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This is how our TEFL graduates feel they have gained from their course, and how they plan to put into action what they learned:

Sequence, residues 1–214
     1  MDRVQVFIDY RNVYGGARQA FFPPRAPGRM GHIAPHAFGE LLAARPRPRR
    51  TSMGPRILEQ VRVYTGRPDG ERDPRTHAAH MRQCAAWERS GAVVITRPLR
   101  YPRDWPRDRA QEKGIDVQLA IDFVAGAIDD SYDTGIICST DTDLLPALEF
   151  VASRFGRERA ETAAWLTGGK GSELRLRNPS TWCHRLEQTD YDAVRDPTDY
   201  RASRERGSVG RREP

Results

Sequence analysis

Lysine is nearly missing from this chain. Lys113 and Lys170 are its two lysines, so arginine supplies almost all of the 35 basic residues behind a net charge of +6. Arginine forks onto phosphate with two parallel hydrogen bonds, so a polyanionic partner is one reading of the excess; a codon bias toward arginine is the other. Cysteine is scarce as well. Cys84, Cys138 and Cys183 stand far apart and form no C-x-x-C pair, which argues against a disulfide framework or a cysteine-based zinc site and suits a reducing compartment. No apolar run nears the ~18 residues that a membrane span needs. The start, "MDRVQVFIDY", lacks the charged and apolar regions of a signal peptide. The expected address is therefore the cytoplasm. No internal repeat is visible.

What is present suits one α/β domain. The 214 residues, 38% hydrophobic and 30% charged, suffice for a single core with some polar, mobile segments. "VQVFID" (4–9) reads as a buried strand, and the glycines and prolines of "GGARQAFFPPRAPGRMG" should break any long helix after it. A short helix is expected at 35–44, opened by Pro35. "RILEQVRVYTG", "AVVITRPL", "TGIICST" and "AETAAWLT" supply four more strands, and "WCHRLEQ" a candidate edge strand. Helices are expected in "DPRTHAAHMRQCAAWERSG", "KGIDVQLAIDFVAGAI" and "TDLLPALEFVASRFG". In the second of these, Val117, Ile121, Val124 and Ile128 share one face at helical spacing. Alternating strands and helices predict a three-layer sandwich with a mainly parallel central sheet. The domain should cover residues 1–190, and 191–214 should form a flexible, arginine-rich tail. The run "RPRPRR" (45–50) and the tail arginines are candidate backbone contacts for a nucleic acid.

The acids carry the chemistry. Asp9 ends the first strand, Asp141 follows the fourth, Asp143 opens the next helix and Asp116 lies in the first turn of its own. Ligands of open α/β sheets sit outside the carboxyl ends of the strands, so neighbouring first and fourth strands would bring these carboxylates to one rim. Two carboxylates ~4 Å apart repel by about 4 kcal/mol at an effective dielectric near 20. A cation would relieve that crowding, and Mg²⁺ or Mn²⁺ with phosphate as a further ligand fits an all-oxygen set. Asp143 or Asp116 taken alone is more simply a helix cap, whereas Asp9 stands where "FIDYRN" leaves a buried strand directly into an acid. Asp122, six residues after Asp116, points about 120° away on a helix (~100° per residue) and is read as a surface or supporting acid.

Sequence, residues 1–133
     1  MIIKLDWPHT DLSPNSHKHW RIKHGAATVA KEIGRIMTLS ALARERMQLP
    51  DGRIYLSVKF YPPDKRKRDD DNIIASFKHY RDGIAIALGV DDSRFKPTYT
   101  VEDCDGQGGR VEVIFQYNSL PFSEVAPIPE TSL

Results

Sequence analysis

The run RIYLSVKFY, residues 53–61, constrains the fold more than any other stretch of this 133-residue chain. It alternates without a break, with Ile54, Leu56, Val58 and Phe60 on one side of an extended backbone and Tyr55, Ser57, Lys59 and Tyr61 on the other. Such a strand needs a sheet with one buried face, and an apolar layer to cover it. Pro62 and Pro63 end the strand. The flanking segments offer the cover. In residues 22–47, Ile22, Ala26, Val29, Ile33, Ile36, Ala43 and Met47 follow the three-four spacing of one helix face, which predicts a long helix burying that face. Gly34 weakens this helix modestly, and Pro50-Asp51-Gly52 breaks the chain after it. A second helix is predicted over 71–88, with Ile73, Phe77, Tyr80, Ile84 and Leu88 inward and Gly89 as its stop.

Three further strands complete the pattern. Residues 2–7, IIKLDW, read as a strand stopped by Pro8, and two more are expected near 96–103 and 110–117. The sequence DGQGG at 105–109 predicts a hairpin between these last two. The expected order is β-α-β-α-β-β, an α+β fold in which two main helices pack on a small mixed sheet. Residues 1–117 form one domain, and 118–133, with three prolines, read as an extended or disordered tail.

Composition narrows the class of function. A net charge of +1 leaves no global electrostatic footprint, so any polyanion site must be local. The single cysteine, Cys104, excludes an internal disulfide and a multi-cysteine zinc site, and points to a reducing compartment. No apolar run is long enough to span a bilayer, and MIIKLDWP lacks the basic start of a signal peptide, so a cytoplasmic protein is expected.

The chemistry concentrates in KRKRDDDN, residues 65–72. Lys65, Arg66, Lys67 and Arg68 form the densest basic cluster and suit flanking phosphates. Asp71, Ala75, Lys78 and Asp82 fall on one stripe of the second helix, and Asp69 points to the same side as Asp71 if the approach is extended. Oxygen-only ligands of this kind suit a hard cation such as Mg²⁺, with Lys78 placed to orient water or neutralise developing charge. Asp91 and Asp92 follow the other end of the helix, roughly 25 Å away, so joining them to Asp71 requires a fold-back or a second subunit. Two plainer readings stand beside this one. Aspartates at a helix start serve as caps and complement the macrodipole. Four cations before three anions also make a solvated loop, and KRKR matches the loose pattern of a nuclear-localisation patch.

Throughout my educational career, I have experienced a diverse amount of classroom settings. I remember struggling with classmates through simple courses, ones many would call, “Easy A’s,” all due to the teacher not desiring to teach. On the other hand, I remember my favorite, most difficult, courses. No matter how hard the subject, if the teacher cared about the class, especially me (I was such a quiet student!), then we found the subject enjoyable. The teacher created our environment, even if we began with a bad attitude. I remember arriving to my first difficult college class. I was not looking forward to this class; however, the teacher arrived early and spoke with many of us. I kept my eyes toward my notebook, pretending to be busy. Every day, I listened and enjoyed the teacher, always arriving with a cup of hot tea. The teacher always included humor in his slideshows, and I felt comfortable with the subject; however, I was still shy and intimidated. After making an A on my first exam, the teacher arrived to class with a bag of tea for me. He saw me, even in my quietness. I knew my teacher cared. Establishing rapport with every student is vital to the class. The class, as a whole, responds to the teacher’s presentation of himself/herself. Most importantly, the individual student’s (setting all personal responsibility aside) progress in learning the language all depends on the depth of rapport. Buskist and Saville (2001) explain that students find that their academic behavior depends on the rapport built by the teacher. Despite the seriousness of learning a new language, rapport involves allowing humor and jokes in the classroom to lighten the weight-students enjoy this aspect of rapport (Buskist & Saville, 2001). Consistency is important, meaning arriving early and staying late, posting office hours on the syllabus and remaining faithful to that schedule, and sticking to course policies by explanation and understanding (Buskist & Saville, 2001). Lastly, students find that rapport is effective when the teacher knows the students names, tries to understand each student personally (make a goal to know one fact about each student that is outside of the classroom), makes eye contact without overlooking even the most shy student, allowing more interacting rather than lecturing, being humble and giving respect, and sharing personal thoughts of the class and life outside of the class (Buskist & Saville, 2001). In conclusion, teachers must be encouraged to simply be human and relational. Teachers are not a foreign concept; due to we are all in need at some point. Rapport requires a relational personality. One of my favorite counseling professors explained rapport in this way: “Openness invites openness.” Just as the teacher is human, so are the students. Create an open, motivating, exciting, and eager teaching environment and the students will most likely respond to the presented attitude! Although there are many other important factors in teaching, the level and depth of rapport are the foundation and prediction of the rest of the year for the class. Reference Buskist & Saville. (2001). http://www.socialpsychology.org/rapport.htm